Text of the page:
Web Fonts Now, for Real: David Berlow of The Font Bureau publishes a proposal for a permissions table enabling real fonts to be used on the web without binding or other DRM. — 16 July 2009
Web Fonts Now (How We’re Doing With That): Everything you ever wanted to know about real fonts on the web, including commercial foundries that allow @font-face embedding; which browsers already support @font-face; what IE supports instead; Håkon Wium Lie, father of CSS, on @font-face at A List Apart; the Berlow interview at A List Apart; @font-face vs. EOT; Cufón; SIFR; Cufón combined with @font-face; Adobe, web fonts, and EOT; and Typekit, a new web service offering a web-only font linking license on a hosted platform; — 23 May 2009
HTML 5 is a mess. Now what? A few days ago on this site, John Allsopp argued passionately that HTML 5 is a mess. In response to HTML 5 activity leader Ian Hickson’s comment here that, “We don’t need to predict the future. When the future comes, we can just fix HTML again,” Allsopp said “This is the only shot for a generation” to get the next version of markup right. Now Bruce Lawson explains just why HTML 5 is “several different kind of messes.” Given all that, what should web designers and developers do about it? — 16 July 2009
Web Standards Secret Sauce: Even though Firefox and Opera offered powerfully compelling visions of what could be accomplished with web standards back when IE6 offered a poor experience, Firefox and Opera, not unlike Linux and Mac OS, were platforms for the converted. Thanks largely to the success of the iPhone, Webkit, in the form of Safari, has been a surprising force for good on the web, raising people’s expectations about what a web browser can and should do, and what a web page should look like. — 12 July 2009
In Defense of Web Developers: Pushing back against the “XHTML is bullshit, man!” crowd’s using the cessation of XHTML 2.0 activity to condescend to—or even childishly glory in the “folly” of—web developers who build with XHTML 1.0, a stable W3C recommendation for nearly ten years, and one that will continue to work indefinitely. — 7 July 2009
XHTML DOA WTF: The web’s future isn’t what the web’s past cracked it up to be. — 2 July 2009
The zeldman.com redesign is up. You’re soaking in it. It’s old school. It’s brand heritage, baby. It’s retro 90s web. It’s so retro it’s nowtro. Because old is the new new.
Read more about it here, here, there, and elsewhere. (Don’t freak out; these old posts are now in the new layout, adding a layer of surrealism to the experience, since you’re looking at a blog post in the finished new look that links to and talks about cruddy early versions of that same look.)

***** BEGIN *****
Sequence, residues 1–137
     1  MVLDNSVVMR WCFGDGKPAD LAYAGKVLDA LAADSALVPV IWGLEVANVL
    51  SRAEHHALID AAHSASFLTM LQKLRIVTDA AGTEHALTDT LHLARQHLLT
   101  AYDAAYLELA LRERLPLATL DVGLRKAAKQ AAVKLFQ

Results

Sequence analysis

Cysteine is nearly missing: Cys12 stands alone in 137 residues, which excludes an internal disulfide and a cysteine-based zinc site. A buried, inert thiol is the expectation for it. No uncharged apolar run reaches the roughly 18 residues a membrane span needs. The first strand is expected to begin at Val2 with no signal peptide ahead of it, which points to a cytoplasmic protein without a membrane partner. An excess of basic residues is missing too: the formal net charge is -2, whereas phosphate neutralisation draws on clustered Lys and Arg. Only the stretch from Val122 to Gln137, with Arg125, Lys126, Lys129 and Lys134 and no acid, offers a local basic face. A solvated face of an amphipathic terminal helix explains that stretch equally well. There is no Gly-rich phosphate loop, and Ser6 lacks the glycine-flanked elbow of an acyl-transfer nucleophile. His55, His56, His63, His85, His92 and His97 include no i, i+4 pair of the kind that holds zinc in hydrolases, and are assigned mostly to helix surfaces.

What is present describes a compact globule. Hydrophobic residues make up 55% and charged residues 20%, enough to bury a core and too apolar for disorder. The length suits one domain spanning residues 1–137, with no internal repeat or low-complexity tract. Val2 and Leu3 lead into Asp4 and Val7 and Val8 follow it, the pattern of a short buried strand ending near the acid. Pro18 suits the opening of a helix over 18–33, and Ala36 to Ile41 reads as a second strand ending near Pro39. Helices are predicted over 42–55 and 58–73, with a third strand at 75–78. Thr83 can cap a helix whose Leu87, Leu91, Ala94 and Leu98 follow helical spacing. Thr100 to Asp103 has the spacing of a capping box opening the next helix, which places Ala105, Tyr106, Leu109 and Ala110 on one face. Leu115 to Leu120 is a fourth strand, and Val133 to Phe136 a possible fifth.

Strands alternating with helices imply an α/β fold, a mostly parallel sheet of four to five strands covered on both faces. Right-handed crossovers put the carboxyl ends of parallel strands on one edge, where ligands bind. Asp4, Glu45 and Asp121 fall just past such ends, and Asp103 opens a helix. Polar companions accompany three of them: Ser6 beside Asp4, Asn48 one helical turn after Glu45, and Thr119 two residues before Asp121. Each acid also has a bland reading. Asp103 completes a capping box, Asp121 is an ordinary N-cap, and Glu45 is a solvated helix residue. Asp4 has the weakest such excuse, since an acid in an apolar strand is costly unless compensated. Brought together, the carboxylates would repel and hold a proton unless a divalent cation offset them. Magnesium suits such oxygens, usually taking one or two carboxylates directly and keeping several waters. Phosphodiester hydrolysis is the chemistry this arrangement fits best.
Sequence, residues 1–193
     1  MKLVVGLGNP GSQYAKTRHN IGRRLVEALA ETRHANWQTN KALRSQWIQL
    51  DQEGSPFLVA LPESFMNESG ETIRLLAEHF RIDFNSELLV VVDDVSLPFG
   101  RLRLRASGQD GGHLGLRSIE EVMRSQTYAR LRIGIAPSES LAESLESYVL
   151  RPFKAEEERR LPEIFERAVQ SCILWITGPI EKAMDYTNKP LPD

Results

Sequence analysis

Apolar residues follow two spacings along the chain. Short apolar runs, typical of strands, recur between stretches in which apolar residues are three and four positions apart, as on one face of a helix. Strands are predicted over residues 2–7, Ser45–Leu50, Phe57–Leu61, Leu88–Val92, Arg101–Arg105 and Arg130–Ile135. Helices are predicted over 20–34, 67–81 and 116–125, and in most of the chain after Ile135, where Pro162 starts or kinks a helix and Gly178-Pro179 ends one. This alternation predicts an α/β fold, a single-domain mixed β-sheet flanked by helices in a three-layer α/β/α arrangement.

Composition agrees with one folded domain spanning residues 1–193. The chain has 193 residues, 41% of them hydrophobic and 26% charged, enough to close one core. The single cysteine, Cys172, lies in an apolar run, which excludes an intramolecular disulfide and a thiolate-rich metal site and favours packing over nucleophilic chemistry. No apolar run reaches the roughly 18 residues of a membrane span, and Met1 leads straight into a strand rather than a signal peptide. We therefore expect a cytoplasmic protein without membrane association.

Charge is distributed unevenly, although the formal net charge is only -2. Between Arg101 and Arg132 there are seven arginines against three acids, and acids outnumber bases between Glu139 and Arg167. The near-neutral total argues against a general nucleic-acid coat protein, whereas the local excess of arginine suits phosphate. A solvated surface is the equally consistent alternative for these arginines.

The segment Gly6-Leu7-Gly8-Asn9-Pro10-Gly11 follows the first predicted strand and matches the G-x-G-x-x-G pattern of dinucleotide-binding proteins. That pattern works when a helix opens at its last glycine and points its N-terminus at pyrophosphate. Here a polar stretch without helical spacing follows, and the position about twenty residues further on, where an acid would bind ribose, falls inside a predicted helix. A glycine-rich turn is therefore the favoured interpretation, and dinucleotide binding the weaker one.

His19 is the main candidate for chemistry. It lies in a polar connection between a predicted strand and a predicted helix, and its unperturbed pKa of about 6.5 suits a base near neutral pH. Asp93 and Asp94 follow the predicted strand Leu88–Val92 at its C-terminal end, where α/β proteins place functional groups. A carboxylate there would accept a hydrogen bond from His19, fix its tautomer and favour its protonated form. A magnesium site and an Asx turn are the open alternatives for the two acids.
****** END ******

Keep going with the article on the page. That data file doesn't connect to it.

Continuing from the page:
If orange hurts you, there’s a style switcher in the footer that will remember your preference for an off-white background. You’re welcome.
I’m designing from the content out. Meaning that I designed the middle of the page (the part you read) first. Because that’s what this site is about.
When I was satisfied that it was not only readable but actually encouraged reading, I brought in colors and started working on the footer. (The colors, I need not point out to longtime visitors, hearken back to the zeldman.com brand as it was in the 1990s.)
The footer, I reckoned, was the right place for my literary and software products.
I designed the grid in my head, verified it on sketch paper, and laid out the footer bits in Photoshop just to make sure they fit and looked right. Essentially, though, this is a design process that takes place outside Photoshop. That is, it starts in my head, gets interpreted via CSS, viewed in a browser, and tweaked.
Do not interpret this as me dumping on Photoshop. I love Photoshop and could not live or work without it. But especially for a simple site focused on reading, I find it quicker and easier to tweak font settings in code than to laboriously render pages in Photoshop.
If you view source, I haven’t optimized the CSS. (There’s no sense in doing so yet, as I still have to design the top of the page.)
I thought about waiting till I was finished before showing anything. That, after all, is what any sensible designer would do. But this site has a long history of redesigning in public, and the current design has been with us at least four years too long. Since I can’t snap my fingers and change it, sharing is the next best thing.
If you’ve been longing to follow Jason Santa Maria’s lead and bring real art direction to the no-budget, publish-now medium of the personal website, Noel Jackson‘s Art Direction Plug-in is for you. The plug-in lets you style individual entries in your WordPress blog without hacking the publishing tool or expending energy on time-consuming workarounds.
Q. I’m searching for your archive. Whenever I find a really good blog, I like to start at the beginning so I can understand better some of what you’re talking about. And I can’t find any link to your archives.
A. Thanks for writing. I started my site in 1995. There weren’t blogging tools back then, hence there aren’t archives in the sense you are describing. I published via hand-coded HTML until around 2004, when I began using WordPress. All my pre-WordPress content is still online; you just have to keep hitting the “PREVIOUS” button to get to it. Sorry about that.